The following quotations are from:
E.E. Evans-Pritchard, The Nuer: A Description of the Modes of Livelihood and Political Institutions of a Nilotic People
“The Nuer has a keen sense of personal dignity and rights. The notion of right, cuong, is strong. It is recognized that a man ought to obtain redress for certain wrongs. This is not a contradiction of the statement that threat of violence is the main sanction for payment of compensation, but is in accord with it, for a man’s kinsmen will only support him if he is right. It is doubtless true that if a man is weak it is unlikely that his being in the right will enable him to obtain satisfaction, but if he is in the right he will have the support of his kin and his opponent will not, and to resort to violence or to meet it the support of one’s kin and the approval of one’s community are necessary. One may say that if a man has right on his side and, in virtue of that, the support of his kinsmen and they are prepared to use force, he stands a good chance of obtaining what is due to him, so long as the parties to the dispute live near one another.” 171
“We regard chiefs as a category of. Ritual experts and do not consider that they comprise in any way a class or rank. We believe their social function to be a mechanism by which the equilibrium of the political system is maintained through the institution of the feud. The slight authority of chiefs and, in many parts, their position outside the dominant clan, accord with this view.
In taking the view that to regard the leopard-skin chief as a political agent or a judicial authority is to misunderstand the constitution of Nuer society and to be blind to its fundamental principles, we have to account for the part he plays in the settlement of feuds. We have stated that he has no judicial or executive authority. It is not his duty to decide on the merits of a case of homicide. It would never occur to Nuer that a judgment of any kind was required. Likewise he has no means of compelling people to pay or to accept blood-cattle. He has no powerful kinsmen or the backing of a populous community to support him. He is simply a mediator in a specific social situation and his mediation is only successful because community ties are acknowledged by both parties and because they wish to avoid, for the time being at any rate, further hostilities. Only if both parties want the affair settled can the chief intervene successfully. He is the machinery which enables groups to bring about a normal state of affairs when they desire to achieve this end.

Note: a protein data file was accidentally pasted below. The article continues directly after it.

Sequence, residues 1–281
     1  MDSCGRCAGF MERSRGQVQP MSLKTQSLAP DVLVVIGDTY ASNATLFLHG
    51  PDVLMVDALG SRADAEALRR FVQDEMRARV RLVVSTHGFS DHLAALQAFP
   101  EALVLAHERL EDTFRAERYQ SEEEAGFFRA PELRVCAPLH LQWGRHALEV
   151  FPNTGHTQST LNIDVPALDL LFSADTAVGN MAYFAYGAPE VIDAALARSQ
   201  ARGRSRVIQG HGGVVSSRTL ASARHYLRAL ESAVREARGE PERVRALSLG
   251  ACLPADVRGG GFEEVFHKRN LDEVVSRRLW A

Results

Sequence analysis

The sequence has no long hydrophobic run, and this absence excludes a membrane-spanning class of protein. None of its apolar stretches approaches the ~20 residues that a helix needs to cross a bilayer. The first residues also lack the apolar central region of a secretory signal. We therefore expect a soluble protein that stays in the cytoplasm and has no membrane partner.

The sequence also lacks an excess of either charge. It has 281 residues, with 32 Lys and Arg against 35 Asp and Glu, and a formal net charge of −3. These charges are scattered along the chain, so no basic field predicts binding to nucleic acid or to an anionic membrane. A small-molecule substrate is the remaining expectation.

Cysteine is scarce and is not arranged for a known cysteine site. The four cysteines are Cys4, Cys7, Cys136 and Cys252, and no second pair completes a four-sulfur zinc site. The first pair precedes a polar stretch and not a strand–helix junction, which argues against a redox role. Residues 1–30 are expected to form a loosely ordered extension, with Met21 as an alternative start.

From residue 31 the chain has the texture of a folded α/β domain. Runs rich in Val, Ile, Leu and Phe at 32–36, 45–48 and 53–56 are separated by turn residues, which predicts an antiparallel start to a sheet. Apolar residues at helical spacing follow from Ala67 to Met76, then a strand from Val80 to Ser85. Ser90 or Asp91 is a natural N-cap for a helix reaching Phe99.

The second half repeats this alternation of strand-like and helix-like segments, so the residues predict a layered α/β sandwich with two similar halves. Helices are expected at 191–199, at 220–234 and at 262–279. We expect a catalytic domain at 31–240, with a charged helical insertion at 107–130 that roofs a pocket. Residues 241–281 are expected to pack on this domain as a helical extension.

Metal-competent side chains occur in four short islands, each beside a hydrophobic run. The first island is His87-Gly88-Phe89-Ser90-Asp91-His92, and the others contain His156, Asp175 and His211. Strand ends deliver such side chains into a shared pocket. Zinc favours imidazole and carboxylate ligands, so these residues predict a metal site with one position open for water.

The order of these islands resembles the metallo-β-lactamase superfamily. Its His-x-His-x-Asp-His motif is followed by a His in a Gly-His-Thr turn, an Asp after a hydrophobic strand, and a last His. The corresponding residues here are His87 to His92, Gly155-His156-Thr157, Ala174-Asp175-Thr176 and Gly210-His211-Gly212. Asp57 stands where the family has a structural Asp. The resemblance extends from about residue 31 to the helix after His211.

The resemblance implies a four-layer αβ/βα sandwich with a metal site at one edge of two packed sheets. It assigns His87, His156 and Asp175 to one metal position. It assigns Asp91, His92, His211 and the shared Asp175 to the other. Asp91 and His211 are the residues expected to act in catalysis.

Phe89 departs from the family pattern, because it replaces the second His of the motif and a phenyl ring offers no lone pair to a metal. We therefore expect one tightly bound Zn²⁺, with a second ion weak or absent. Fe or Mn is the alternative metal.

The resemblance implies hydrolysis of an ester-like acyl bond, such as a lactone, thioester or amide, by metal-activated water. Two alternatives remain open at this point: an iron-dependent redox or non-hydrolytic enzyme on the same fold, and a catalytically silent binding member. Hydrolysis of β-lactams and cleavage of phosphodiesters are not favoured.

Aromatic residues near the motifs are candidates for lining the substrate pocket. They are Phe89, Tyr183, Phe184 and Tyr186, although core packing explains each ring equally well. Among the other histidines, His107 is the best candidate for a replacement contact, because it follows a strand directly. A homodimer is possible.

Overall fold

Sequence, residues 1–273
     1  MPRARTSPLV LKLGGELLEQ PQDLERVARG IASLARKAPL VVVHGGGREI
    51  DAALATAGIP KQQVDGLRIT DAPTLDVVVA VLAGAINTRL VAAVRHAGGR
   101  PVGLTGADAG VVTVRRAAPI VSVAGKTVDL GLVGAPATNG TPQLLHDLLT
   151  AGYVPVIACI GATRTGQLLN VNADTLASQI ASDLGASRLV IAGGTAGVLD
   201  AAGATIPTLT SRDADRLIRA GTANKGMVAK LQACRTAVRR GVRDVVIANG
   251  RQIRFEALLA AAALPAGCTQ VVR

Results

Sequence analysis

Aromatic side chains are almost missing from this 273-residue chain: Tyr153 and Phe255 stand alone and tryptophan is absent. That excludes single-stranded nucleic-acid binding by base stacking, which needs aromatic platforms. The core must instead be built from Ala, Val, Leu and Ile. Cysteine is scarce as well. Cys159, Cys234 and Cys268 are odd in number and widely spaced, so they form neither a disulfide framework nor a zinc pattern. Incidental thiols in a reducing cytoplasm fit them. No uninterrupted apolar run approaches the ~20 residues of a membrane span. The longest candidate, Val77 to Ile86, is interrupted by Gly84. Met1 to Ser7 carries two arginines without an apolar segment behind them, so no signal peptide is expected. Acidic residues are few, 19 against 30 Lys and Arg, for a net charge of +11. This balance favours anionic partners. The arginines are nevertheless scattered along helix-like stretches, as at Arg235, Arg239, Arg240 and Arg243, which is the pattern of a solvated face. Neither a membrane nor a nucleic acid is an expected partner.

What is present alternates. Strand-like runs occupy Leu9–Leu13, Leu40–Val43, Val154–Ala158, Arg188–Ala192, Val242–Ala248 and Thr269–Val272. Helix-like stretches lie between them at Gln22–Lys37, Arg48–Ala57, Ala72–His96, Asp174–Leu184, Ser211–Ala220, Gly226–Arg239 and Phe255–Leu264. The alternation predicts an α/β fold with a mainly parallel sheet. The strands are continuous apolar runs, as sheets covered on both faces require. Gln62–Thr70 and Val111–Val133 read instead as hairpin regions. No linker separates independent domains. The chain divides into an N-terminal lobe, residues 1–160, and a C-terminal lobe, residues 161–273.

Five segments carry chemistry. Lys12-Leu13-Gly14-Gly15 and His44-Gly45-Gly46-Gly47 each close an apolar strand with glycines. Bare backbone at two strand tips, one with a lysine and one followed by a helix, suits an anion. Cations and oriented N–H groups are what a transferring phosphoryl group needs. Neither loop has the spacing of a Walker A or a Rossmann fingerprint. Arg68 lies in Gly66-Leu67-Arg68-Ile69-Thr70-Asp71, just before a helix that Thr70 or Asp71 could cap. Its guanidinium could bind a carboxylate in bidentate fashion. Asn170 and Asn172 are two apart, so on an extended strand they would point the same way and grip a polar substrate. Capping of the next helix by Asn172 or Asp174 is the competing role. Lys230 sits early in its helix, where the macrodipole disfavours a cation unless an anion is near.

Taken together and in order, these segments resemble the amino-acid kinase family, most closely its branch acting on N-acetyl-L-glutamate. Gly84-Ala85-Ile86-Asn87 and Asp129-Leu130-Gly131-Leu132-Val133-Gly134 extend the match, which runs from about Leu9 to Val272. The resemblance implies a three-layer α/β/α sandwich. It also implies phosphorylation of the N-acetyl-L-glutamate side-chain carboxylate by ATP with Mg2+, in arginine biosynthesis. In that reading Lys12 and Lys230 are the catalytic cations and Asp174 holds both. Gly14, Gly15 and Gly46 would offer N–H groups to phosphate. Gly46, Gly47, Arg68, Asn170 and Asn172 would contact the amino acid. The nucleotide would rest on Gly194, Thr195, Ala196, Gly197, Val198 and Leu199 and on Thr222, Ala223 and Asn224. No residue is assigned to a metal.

It is true that a leopard-skin chief has always in these circumstances to persuade, by exhortations and threats, the kinsmen of the dead man to accept compensation, but this pressure must not be regarded as a command.” 174-175
“The lack of governmental organs among the Nuer, the absence of legal institutions, of developed leadership, and, generally, of organized political life is remarkable. The state is an acephalous kinship state and it is only by a study of the kinship system that it can be well understood how order is maintained and social relations over wide areas are established and kept up. The ordered anarchy in which they live accords well with their character, for it is impossible to live among Nuer and conceive of rulers ruling over them.
The Nuer is a product of hard and egalitarian upbringing, is deeply democratic, and is easily roused to violence. His turbulent spirit finds any restraint irksome and no man recognizes a superior. Wealth makes no difference. A man with many cattle is envied, but not treated differently from a man with few cattle. Birth makes no difference. A man may not be a member of the dominant clan of his tribe, he may even be of Dinka descent, but were another to allude to the fact he would run a grave risk of being clubbed.